Friday, February 9, 2007


Eighty years ago, movie buffs probably didn't realize that movies as they had come to know them would never be the same again. Cinema had grown progressively more sophisticated (technologically and otherwise) for thirty years, and there was no reason to suspect that it had peaked in 1927.

While movies obviously didn't peak in 1927, they certainly hit "a" peak. It was the year that the most popular (Metropolis) and the highest rated (Napoleon) films of the silent era (according to IMDb) were released.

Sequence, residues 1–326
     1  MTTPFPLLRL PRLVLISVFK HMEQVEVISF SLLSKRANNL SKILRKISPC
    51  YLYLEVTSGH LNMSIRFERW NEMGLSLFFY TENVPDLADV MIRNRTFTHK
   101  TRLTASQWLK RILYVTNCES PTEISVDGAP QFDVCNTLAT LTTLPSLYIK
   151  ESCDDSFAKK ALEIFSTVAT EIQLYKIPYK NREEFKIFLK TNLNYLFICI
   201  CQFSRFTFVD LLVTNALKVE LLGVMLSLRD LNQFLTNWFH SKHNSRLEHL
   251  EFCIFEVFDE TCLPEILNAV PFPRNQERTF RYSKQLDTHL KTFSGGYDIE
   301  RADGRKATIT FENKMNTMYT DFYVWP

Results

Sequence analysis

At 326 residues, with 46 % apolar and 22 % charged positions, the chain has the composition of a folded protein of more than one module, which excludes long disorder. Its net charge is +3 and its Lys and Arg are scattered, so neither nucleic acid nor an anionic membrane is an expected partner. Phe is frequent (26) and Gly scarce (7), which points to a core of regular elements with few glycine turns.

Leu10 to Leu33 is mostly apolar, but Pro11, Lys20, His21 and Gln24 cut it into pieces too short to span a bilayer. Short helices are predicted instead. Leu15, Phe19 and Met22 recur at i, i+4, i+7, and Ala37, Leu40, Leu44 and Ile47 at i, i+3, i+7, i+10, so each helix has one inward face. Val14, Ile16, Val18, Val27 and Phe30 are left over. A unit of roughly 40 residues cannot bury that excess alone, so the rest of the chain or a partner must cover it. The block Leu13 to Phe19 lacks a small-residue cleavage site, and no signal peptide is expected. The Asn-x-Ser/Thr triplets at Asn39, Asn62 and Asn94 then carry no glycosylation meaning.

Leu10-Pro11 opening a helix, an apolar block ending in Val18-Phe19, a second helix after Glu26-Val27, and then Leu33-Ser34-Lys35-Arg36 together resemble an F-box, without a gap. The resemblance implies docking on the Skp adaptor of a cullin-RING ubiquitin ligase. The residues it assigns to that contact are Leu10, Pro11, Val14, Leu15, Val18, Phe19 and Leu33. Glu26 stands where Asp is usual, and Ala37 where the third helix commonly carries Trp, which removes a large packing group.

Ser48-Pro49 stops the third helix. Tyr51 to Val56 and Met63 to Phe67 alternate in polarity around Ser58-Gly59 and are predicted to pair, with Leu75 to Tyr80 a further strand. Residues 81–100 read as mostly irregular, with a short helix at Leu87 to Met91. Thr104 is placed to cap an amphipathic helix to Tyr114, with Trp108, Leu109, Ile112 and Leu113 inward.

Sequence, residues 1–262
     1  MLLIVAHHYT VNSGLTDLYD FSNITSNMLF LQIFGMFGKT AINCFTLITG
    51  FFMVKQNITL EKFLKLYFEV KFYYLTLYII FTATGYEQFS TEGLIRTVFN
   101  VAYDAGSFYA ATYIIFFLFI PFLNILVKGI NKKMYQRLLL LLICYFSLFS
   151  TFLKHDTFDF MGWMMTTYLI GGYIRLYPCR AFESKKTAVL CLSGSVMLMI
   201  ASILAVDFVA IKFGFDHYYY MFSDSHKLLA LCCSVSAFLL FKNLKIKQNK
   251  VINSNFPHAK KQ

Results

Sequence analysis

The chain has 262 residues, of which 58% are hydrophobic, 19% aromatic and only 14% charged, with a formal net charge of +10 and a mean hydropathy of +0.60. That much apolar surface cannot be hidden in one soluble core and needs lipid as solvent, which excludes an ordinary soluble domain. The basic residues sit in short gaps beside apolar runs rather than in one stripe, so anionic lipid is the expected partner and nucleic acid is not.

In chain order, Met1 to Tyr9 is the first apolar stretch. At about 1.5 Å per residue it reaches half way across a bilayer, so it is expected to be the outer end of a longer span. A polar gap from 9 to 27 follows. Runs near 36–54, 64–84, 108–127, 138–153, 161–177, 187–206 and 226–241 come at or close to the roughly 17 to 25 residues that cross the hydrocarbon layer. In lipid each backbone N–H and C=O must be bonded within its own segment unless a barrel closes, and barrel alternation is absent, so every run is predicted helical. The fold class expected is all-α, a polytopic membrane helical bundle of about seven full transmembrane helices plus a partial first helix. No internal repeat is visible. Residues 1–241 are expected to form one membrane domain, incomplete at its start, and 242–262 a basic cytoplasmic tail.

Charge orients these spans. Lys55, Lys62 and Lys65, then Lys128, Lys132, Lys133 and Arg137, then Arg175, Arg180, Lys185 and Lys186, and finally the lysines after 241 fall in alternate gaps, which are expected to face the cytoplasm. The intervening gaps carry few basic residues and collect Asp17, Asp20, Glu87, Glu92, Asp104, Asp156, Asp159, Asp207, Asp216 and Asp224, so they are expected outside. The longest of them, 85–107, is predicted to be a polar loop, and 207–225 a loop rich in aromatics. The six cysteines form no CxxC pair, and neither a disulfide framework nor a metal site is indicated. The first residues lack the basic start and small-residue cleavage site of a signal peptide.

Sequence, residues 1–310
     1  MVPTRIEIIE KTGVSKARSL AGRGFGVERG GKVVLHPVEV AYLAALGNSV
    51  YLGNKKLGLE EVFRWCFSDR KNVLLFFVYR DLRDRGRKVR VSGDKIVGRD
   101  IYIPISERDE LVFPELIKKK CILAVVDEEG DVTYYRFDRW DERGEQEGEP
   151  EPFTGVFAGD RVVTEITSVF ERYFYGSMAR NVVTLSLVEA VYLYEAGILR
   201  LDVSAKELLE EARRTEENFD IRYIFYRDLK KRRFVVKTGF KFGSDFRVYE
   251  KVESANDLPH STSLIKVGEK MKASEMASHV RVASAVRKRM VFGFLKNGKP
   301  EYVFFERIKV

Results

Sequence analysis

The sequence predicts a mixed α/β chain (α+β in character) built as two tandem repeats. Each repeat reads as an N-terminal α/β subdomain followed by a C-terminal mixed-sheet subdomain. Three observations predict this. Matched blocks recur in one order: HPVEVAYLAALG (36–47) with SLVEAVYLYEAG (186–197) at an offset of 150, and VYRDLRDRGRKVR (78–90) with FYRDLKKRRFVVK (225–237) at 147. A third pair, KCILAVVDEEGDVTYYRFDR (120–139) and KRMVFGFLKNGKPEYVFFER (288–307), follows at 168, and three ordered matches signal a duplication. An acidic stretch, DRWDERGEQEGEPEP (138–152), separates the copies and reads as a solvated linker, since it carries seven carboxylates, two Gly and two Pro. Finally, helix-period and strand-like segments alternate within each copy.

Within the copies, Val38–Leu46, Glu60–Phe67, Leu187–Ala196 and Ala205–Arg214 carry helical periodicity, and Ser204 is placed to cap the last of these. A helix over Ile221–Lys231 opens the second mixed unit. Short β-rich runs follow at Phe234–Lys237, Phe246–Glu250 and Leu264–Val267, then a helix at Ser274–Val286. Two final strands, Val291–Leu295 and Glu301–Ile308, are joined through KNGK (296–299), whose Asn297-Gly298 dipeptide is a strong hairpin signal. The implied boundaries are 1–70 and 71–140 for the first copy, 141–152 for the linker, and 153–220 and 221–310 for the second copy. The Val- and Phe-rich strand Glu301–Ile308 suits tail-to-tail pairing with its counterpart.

Wings and Sunrise were recognized by the first Academy Awards as "Best Picture" winners (The first Oscars had two separate best picture categories; Wings won for "Production", and Sunrise won for "Unique and Artistic Picture")

This was also the year that Buster Keaton made his most popular movie, and Hitchcock released his "first true film".

But even as 1927 marked the peak of the silent era, it was also the beginning of the end for silent film as The Jazz Singer, famously, became the first "talkie".

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